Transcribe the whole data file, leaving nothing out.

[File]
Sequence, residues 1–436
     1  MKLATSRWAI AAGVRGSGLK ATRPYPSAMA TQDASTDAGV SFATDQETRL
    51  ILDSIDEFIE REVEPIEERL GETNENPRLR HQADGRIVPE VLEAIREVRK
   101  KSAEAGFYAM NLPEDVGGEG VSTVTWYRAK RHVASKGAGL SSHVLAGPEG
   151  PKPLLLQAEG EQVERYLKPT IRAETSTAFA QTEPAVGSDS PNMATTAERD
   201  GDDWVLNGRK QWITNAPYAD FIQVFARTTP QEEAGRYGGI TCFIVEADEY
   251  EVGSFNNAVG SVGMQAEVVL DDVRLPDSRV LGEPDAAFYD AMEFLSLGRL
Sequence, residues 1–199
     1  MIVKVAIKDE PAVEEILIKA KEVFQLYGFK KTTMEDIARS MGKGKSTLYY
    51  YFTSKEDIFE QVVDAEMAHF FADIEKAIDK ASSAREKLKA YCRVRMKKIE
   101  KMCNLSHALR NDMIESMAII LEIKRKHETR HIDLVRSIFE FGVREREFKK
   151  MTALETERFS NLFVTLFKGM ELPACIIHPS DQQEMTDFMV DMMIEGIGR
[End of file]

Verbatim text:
Sequence, residues 1–436
     1  MKLATSRWAI AAGVRGSGLK ATRPYPSAMA TQDASTDAGV SFATDQETRL
    51  ILDSIDEFIE REVEPIEERL GETNENPRLR HQADGRIVPE VLEAIREVRK
   101  KSAEAGFYAM NLPEDVGGEG VSTVTWYRAK RHVASKGAGL SSHVLAGPEG
   151  PKPLLLQAEG EQVERYLKPT IRAETSTAFA QTEPAVGSDS PNMATTAERD
   201  GDDWVLNGRK QWITNAPYAD FIQVFARTTP QEEAGRYGGI TCFIVEADEY
   251  EVGSFNNAVG SVGMQAEVVL DDVRLPDSRV LGEPDAAFYD AMEFLSLGRL
Sequence, residues 1–199
     1  MIVKVAIKDE PAVEEILIKA KEVFQLYGFK KTTMEDIARS MGKGKSTLYY
    51  YFTSKEDIFE QVVDAEMAHF FADIEKAIDK ASSAREKLKA YCRVRMKKIE
   101  KMCNLSHALR NDMIESMAII LEIKRKHETR HIDLVRSIFE FGVREREFKK
   151  MTALETERFS NLFVTLFKGM ELPACIIHPS DQQEMTDFMV DMMIEGIGR